For the purpose of deodorizing a room in which there is an offensive smell, common coffee berries, and even rags or brown paper, if properly burned, will serve admirably. The smoke from these substances not only neutralizes the odors, but really acts as a disinfectant to a slight extent. In burning coffee, paper or rags for this purpose, care must be taken to prevent them horn, burning too freely. If they burn with a free, bright flame, the proper effect will not be produced. They should be allowed to smoulder quietly, and they do this best when they are thrown on hot coals, or a hot shovel and set on fire.

An excellent substitute for pastils is heavy brown paper, which has been dipped in a solution of nitre and then dried. This burns freely without flame, and if it be dipped in a solution of benzoin, the odor is very pleasant. The best thing, however, is pastils. They are easily made as follows:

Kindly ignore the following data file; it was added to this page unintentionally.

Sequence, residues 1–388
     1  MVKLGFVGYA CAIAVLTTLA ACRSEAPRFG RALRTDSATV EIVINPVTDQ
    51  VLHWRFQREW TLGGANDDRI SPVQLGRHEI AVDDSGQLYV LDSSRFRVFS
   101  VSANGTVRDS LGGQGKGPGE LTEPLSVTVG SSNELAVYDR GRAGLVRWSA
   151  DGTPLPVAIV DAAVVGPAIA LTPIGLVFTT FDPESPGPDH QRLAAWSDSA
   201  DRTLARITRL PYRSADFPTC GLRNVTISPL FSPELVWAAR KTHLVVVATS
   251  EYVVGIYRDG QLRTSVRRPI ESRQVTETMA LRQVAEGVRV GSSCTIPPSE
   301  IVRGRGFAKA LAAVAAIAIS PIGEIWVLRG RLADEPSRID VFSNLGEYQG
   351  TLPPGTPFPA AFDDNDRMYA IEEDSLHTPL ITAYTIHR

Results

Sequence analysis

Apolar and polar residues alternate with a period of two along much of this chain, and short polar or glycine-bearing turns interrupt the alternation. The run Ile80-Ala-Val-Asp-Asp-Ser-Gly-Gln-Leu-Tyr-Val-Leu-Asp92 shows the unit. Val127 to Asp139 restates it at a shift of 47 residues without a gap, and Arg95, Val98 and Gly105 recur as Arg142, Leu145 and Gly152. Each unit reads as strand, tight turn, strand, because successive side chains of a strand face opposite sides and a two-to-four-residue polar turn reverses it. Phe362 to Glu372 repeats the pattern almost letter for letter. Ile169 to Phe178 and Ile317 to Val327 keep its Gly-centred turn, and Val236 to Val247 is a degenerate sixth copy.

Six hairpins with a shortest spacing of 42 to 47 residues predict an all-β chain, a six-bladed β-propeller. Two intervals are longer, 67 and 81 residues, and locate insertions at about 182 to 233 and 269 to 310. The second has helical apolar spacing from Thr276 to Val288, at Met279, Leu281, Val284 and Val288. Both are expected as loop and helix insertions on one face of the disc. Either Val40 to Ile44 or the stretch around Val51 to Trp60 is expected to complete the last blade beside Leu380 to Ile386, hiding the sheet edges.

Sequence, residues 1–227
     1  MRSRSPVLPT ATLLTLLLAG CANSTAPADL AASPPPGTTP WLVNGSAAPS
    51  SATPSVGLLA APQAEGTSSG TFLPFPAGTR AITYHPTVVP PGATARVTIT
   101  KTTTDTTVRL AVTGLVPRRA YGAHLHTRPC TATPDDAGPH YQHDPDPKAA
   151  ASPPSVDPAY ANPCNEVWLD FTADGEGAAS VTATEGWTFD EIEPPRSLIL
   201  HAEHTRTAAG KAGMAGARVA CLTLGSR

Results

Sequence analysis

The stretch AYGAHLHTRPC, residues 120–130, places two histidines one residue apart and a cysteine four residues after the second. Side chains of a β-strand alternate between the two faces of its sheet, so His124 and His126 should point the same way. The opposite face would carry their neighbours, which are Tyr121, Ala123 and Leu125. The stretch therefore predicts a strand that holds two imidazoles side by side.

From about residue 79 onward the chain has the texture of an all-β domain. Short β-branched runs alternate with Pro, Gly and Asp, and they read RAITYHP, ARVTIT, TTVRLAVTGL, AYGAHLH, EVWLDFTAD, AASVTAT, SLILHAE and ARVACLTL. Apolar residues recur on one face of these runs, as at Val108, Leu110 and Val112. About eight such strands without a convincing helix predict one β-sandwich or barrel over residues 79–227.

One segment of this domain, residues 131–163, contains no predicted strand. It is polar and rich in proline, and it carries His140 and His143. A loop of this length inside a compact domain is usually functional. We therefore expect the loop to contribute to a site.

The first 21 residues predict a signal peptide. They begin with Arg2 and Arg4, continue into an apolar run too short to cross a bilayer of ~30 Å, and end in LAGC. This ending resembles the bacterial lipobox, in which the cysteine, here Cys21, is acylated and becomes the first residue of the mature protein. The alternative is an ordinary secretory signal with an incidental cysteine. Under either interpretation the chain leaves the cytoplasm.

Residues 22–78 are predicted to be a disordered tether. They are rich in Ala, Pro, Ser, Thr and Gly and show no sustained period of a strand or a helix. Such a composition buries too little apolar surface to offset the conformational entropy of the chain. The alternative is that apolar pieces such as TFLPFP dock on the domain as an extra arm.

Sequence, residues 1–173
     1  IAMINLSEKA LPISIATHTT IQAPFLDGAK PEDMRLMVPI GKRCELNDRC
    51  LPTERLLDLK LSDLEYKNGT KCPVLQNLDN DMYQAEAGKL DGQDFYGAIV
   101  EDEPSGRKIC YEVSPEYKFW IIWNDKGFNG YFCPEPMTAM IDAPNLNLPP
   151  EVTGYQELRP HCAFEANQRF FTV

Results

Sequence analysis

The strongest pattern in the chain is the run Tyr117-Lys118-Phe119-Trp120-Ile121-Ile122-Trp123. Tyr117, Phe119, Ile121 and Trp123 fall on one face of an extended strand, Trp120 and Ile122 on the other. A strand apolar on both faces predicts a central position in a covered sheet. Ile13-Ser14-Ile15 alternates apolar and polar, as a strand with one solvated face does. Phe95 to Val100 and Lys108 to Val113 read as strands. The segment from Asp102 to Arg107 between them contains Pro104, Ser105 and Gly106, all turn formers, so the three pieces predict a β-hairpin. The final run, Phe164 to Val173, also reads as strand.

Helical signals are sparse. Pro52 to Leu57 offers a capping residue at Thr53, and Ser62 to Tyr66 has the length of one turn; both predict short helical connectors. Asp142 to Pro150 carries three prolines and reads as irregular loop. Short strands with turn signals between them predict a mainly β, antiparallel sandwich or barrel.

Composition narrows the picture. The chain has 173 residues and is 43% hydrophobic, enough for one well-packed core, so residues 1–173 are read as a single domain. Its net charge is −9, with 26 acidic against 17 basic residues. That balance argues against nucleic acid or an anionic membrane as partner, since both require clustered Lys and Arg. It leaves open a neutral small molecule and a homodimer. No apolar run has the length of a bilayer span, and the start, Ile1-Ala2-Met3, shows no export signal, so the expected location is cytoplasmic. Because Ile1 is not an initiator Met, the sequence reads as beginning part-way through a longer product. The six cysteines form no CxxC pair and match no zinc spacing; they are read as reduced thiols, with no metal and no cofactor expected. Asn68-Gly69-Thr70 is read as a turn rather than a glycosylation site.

1. Paris Formula

Benzoin, 2 oz.; balsam of tolu and yellow sandal wood, of each 4 drachms; nitre, 2 drachms; labdanum, 1 drachm; charcoal, 6 oz. Reduce to powder, mix thoroughly and make into a stiff paste with gum tragacanth. Form into small cones and dry them in the air.

2. Formula Of Henry And Guibourt

Powdered benzoin, 16 parts; balsam of tolu and powdered sandal wood, each 4 parts; charcoal powder, 48 parts; powdered tragacanth and labdanum, each 1 part; powdered nitre and gum arabic, each 2 parts; make into a paste with 12 parts cinnamon water, form into cones and dry.

3. The following formula is somewhat complex, but gives very fine results: Take the charcoal of any fight wood, 200 parts; gum benzoin, 100 parts; powdered sandal wood, 50 parts; balsam of tolu, 50 parts; Storax (Styrax calamita), 50 parts; gum olibanum, 50 parts; cascarilla bark, 100 parts; cloves, 40 parts; cinnamon (Ceylon), 40 parts; potassium nitrate, 75 parts. Reduce the ingredients to powder, and mix them with oil of Ceylon cinnamon, 5 parts; oil of cloves, 5 parts; oil of lavender, 5 parts; balsam of Peru, 10 parts; camphor, powdered, 1 part. Then add mucilage of tragacanth sufficient to make a mass which is to be formed into conical cylinders about 3/4 to 1 inch high, and ending at the bottom in three projections. Dry them in a warm place.